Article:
When Craig Stern, the singular force behind Chicago video game developer Sinister Design, unsuccessfully tried to fund his Mac game Telepath Tactics at the tail end of 2012, he saw the result not as a closed door, but as an opportunity — a chance to refocus both the campaign and the game itself to better execute his battle plan. And now that the second Kickstarter has doubled its original goal and generated much more backer enthusiasm with a few days still left to go, he spoke with Mac|Life to discuss how initial crowdfunding failure doesn't have to be ultimately fruitless.
Your iPhone can’t make you exercise more or change your diet. But it can help you make your life more social, more creative, and way more fun. With so many health and fitness apps aimed at helping you take care of yourself, your Mac and iOS device can be sources of support and inspiration — and all the nerdy statistics you’d ever want. No matter what your initial fitness level or your own goals (maybe you just want to sleep better, feel less stressed, or find a new trail to walk your dog), we hope something here speaks to you.
Tabzu is the first case I've used that actually enhances my iPad experience. It doesn't add any functionality per se, but its unique design completely eliminates the awkwardness I have when using the iPad away from a table. The brainchild of Leo Garza and Martin Meunier, Tabzu is what happens when two of the special effects whizzes responsible for such masterpieces as Indiana Jones, Coraline and The Lord of the Rings turn their attention to tablet accessories.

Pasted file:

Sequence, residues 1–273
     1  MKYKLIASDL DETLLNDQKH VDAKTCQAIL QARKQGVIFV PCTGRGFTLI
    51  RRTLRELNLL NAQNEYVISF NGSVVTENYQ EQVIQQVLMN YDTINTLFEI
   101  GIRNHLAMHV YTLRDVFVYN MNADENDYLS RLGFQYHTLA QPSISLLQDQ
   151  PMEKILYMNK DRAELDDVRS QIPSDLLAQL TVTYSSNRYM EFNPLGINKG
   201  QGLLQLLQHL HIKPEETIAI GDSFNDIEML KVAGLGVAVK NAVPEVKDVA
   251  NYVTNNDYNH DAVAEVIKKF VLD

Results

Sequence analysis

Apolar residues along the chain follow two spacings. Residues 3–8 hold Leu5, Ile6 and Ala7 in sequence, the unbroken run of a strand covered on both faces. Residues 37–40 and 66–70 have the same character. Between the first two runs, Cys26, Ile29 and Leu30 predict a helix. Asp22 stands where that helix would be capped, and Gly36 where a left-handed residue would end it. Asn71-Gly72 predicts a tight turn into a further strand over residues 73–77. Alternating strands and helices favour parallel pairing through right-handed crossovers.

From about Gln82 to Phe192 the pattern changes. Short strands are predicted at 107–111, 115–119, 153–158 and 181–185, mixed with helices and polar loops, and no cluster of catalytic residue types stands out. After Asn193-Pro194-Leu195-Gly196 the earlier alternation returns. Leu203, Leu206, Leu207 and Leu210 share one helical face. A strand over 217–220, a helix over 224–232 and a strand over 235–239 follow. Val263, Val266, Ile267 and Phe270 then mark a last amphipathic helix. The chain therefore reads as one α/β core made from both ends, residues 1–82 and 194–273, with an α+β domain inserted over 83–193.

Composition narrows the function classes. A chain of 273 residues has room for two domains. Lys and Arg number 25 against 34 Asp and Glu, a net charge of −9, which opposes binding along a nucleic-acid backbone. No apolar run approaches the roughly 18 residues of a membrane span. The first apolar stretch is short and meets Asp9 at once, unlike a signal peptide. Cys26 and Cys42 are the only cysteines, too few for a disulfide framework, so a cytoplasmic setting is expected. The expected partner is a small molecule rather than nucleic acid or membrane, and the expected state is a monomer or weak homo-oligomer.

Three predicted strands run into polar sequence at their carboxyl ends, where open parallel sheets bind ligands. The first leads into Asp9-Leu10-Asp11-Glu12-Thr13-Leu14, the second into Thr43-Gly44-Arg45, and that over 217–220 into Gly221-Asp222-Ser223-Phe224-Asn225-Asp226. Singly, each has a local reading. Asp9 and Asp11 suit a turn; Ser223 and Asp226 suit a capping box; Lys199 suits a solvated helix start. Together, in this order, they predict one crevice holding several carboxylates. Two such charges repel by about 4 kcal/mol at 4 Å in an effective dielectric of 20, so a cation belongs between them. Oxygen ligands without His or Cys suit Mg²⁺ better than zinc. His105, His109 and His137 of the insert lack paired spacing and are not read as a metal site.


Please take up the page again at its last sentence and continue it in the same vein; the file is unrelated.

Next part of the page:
Apple last week released an update to its much-reviled Podcasts app, which brings a host of long-overdue features, including custom stations, iCloud syncing, and On-the-Go playlists. But perhaps most appreciated is the removal of one of Apple's signature pieces of skeuomorphism, the reel-to-reel tape machine. Clearly this is the work of Jony Ive, a known critic of the design style. When he was given free rein over Apple's human interfaces after Scott Forstall stepped down last October, we expected some changes would be made to iOS, which incorporates many of these type of real-world mimicry. But by dumping the tape deck — certainly one of the more intricate elements Apple has designed — it seems as though he's taking a stand, not just for Podcasts, but for all future versions of iOS.
It's that time of year again: The birds are chirping. Flowers are blooming. And your co-workers are frantically pinching and tapping their phones to see if their bracket has been busted by the latest upset. In March, the NCAA Tournament is big business. Pools are plentiful, and everyone needs to know exactly where they stand at all times. Our iPhones may be great to check scores and match-ups, but the tiny screen isn't exactly ideal for viewing a 64-team bracket. Tom Gerhardt and Dan Provost of Studio Neat saw this as more than a minor inconvenience. It was a problem, and they set out to solve it.